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TEFAF report reveals the economic phenomenon of the Maastricht effect

18 December 2006Written by ATG Reporter

HOTELS, restaurants, insurance, security, shippers and packers, design and print, marketing and promotion. These are just some of the ancillary industries that benefit when the show comes to town.

And nowhere is that show more significant than in Maastricht, setting for the world’s top art and antiques fair.

To prove the point, The European Fine Art Foundation (TEFAF), who organise the event, have just published a survey to show how much of an economic impact the fair has on the city.

The Art Fair as an Economic Force is the latest in a string of surveys and reviews that underline the importance of the fair and, significantly, provide some hard statistics on a market and its surrounding industry, whose often confidential nature can render such facts extremely hard to come by. The result is a replenished arsenal of information on which the media, among others, can build an up-to-date and factual picture of that market, raising its profile in the run-up to March in Maastricht.

So, with this in mind, how important is TEFAF to the city?

In a word, vital. The report, put together by noted experts Jeremy Eckstein Associates, goes into great detail about many aspects of its significance, but a few headline nuggets give a rough idea of the picture. Try these, for instance:

• The economic contribution of the fair to the area in 2002 was estimated at €8m and climbing.
• TEFAF has helped Maastricht become the second most visited city in the Netherlands after Amsterdam.
• Hotels enjoy up to 30 per cent more business during the fair, not least because the buying power of guests during that time rises significantly.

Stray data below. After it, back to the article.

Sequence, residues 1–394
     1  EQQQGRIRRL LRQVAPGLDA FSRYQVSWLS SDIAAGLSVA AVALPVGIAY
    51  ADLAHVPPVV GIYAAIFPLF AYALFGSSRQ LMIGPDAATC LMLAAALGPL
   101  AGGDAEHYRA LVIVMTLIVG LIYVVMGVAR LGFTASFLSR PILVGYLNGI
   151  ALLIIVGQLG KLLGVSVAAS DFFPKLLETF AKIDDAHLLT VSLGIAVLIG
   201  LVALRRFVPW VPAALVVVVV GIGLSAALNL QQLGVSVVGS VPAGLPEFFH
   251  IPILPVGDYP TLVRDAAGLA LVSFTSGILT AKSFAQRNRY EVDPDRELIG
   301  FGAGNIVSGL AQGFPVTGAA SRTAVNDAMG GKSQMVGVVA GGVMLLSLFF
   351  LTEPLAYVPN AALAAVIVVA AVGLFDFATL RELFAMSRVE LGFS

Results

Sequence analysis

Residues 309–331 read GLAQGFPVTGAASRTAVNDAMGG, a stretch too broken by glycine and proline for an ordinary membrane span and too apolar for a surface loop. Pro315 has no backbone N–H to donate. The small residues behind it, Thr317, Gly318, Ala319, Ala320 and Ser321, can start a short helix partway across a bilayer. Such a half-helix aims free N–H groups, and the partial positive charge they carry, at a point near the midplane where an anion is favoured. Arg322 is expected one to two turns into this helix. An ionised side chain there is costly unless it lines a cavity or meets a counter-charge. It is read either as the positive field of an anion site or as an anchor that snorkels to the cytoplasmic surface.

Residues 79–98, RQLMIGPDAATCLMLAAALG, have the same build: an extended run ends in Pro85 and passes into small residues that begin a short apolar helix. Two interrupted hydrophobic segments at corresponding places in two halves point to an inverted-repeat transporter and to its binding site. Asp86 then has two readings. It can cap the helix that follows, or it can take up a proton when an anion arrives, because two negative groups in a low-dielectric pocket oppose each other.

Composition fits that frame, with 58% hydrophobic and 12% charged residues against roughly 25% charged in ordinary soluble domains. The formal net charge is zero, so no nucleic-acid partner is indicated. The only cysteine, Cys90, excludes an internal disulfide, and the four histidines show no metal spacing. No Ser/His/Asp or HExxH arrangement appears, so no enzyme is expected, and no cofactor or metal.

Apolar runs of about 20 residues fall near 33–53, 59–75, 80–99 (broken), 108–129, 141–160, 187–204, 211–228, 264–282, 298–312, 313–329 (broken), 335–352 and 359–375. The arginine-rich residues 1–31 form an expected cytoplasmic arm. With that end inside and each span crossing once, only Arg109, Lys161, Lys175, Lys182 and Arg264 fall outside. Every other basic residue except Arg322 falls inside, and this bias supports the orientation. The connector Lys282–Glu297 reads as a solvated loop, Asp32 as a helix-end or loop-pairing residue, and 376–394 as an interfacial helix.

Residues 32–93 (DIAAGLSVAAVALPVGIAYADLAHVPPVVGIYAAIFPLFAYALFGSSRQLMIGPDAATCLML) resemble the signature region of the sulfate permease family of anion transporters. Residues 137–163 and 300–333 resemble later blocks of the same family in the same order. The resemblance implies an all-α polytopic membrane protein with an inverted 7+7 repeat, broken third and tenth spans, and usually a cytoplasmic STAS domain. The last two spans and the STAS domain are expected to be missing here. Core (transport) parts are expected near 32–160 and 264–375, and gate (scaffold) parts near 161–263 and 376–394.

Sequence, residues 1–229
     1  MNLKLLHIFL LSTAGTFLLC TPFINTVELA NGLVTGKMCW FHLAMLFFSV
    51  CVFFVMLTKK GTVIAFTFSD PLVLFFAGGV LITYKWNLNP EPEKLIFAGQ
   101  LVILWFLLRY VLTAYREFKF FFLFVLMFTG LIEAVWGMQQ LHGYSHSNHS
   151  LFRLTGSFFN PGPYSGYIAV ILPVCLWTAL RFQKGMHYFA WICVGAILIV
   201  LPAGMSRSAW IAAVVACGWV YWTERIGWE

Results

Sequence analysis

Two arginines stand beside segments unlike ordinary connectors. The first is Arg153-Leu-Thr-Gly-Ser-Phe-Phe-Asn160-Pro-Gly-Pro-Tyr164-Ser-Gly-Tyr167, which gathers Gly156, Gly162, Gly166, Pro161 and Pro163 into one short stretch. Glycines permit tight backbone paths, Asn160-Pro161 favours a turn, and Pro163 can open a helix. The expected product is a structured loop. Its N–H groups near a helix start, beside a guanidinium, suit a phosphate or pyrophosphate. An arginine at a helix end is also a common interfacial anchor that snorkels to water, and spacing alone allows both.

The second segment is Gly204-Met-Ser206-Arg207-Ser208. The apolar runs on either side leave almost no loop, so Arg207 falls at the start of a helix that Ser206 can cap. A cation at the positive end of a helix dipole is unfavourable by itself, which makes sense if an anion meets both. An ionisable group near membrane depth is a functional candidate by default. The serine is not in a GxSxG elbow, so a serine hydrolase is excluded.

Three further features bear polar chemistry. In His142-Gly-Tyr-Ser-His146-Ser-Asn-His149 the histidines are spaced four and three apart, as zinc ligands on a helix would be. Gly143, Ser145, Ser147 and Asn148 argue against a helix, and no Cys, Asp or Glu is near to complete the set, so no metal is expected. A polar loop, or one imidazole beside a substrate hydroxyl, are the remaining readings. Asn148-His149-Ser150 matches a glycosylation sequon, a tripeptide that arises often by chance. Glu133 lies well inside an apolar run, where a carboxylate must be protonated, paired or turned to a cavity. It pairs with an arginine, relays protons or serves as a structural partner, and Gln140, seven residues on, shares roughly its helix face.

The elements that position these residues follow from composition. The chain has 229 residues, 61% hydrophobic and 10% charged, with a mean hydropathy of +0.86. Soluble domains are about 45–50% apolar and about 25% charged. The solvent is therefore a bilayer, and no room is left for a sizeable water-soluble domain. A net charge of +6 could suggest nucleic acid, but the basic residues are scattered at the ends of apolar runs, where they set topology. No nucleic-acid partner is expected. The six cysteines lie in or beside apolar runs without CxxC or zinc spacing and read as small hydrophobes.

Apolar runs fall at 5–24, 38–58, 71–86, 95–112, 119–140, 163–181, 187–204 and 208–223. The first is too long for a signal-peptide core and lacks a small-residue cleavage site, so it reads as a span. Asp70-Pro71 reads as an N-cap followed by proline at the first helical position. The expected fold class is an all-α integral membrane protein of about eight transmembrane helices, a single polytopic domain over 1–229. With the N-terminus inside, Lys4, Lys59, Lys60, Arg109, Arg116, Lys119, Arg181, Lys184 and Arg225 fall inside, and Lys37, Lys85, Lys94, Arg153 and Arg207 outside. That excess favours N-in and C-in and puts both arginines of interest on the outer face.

• The main local taxi firm employs 20 per cent more drivers during the fair, while in 2006 the local airport welcomed 195 private jets during the fair.

But what of the industries more directly linked to the art and antiques business? Here the report summarises the spend as follows:

• Stand decoration/presentation: €2.98m
• Additional security: €0.25m
• Special catalogues & advertising: €1.87m
• Packing and shipping to and from the fair: €2.67m
• Insurance attributable to the fair: €1.21m
• Associated travel, entertainment/accommodation: €2.82m

The report also goes into some detail about the impact of fairs globally, but this is really about the phenomenon that is Maastricht.

Of course, as with all things artistic, there are less measurable cultural benefits attributable to the presence of the fair, but this report is very much concerned with economics.

If one statistic impresses more than any other, it is Maastricht’s slice of the total spent on the fairs business globally by its exhibitors. The current global estimate, once all expenses have been totted up, is €32.07m – of that, €11.76m or 37 per cent, is spent on Maastricht.

The report, priced at €7.50, is available for order at www.tefaf.com.

By Ivan Macquisten

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